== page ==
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Backyard Blogging.

Baked Lemon Buttermilk Cake with Grilled Blood Orange Compote

Have your citrus cake and eat it, too. Light and lemony Baked Lemon Buttermilk Cake with Grilled Blood Orange Compote is complemented by the sweet and tart flavor of grilled blood oranges.


1 1/2 cups all purpose flour
1 tsp baking powder
1/2 tsp baking soda
1/2 tsp salt
1 1/2 cups sugar
1 cup plain yogurt
1/2 cup vegetable oil
2 large eggs
2 tbsp freshly squeezed lemon juice
zest of 2 lemons

Lemon Glaze:
1 1/2 cups powdered sugar
3 tbsp freshly squeezed lemon juice
blood orange compote:
8 blood oranges
6 tbsp granulated suagr
2 tbsp water
1 tbsp agave nectar
2 tbsp cointraeu (optional)
1/2 tsp vanilla
1/2 tsp ground cinnamon (optional)


When ready to cook, start the Traeger grill on Smoke with the lid open until the fire is established (4 to 5 minutes). Set the temperature to 325 degrees F and preheat, lid closed, for 10 to 15 minutes.

Butter 9-inch cake pan and line the bottom with parchment paper.

Use a whisk to mix together the flour, baking powder, baking soda and salt.

In a large bowl, whisk in 1 ½ cups sugar, yogurt, oil, eggs, lemon juice and zest until smooth. Mix in dry ingredients about one third at a time, until all dry ingredients are completely incorporated. Do not over mix.

Scrape the batter into prepared cake pan and place on the second shelf of the Traeger (if available). Bake approximately 40 minutes or until a toothpick inserted in the center of the cake comes out clean. Let cake cool for about 10 minutes, remove cake from cake pan.

Mix powdered sugar and lemon juice until smooth. Pour onto the top of the cake in the center. Using a spatula, spread over the top of the cake letting it drip down the sides. Serve the cake with the blood orange compote.

Blood Orange Compote: Squeeze the juice from two oranges, strain and set aside. Remove the peel and pith from the remaining oranges.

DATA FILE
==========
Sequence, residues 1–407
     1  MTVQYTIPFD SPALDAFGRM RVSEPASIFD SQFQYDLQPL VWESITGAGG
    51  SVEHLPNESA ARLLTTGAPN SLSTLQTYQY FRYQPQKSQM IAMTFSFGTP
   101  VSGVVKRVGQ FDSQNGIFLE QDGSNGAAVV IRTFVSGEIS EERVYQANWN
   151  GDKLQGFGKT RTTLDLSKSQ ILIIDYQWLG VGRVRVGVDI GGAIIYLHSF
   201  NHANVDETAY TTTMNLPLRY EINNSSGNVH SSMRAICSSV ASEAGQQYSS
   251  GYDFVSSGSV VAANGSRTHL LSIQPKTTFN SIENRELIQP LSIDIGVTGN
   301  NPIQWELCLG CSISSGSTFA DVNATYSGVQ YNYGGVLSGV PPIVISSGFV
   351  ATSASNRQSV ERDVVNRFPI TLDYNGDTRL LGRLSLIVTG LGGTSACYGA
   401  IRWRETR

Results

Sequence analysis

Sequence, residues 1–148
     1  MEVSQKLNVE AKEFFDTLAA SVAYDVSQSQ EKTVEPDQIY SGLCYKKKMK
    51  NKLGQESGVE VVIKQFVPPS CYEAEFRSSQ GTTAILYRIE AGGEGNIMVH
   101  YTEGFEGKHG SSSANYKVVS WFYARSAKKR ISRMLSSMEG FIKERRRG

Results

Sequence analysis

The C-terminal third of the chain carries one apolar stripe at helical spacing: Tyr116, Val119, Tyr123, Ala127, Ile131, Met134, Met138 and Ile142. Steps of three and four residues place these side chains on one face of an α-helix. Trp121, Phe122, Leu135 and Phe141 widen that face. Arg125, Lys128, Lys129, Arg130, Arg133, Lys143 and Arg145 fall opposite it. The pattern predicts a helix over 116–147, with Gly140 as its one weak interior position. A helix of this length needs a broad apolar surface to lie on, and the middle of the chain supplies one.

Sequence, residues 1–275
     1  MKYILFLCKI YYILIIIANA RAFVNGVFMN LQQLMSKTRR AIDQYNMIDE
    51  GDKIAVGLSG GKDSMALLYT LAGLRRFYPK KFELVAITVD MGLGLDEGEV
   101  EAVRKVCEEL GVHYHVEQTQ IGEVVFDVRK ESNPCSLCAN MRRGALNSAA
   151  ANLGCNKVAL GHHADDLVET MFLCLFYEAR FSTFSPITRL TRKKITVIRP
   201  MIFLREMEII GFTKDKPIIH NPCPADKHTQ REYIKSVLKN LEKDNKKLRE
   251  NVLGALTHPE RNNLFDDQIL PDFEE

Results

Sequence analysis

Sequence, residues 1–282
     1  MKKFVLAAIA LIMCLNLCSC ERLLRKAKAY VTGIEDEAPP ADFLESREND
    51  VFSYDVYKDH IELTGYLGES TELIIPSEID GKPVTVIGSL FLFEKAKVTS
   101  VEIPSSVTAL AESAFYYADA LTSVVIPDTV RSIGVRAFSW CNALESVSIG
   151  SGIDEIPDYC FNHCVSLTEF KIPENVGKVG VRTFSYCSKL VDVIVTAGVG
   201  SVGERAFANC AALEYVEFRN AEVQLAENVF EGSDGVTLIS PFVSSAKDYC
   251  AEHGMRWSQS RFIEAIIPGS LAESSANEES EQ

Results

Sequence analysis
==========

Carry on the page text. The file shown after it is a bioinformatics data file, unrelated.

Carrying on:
The easiest way to do this is to cut away both ends of the fruit so that it sits flat on your work surface, then using a chef’s knife, utility knife or a paring knife, cut the skin and pith completely away from the fruit, following the natural curve of the fruit from top to bottom.

Once peeled, remove the sections from between the membranes, holding the fruit over a bowl to catch the juice and slicing next to the connective membranes on one side of each citrus segment. Set the sections aside while you make the blood orange caramel syrup.

Place the sugar in a medium saucepan and carefully add the water and agave nectar. With a wet pastry brush, brush down the sides of the pan. Look closely and make sure there are no stray sugar granules adhering to the pan. Brush any that you detect down into the wet sugar using the pastry brush.

Turn the heat on medium and bring to a boil, watching again to make sure there are no loose sugar crystals on the sides of the pan and brushing down if necessary. Swirl the pan if necessary, but do not stir. As soon as the caramel reaches a golden color (about 325 degrees F), remove from the heat.

Wait until the bubbles subside, then carefully add the orange juice, being very careful to stand back, as it will bubble up. Stir the mixture with a whisk and return to the heat. Heat through, whisking, until all of the caramel has melted.

Remove from the heat and stir in the Cointreau (or other orange liqueur), vanilla, and cinnamon. Allow to cool, then pour over the oranges.

Serve at room temperature or chilled over the lemon yogurt cake. Enjoy!

Photo and recipe from Traeger.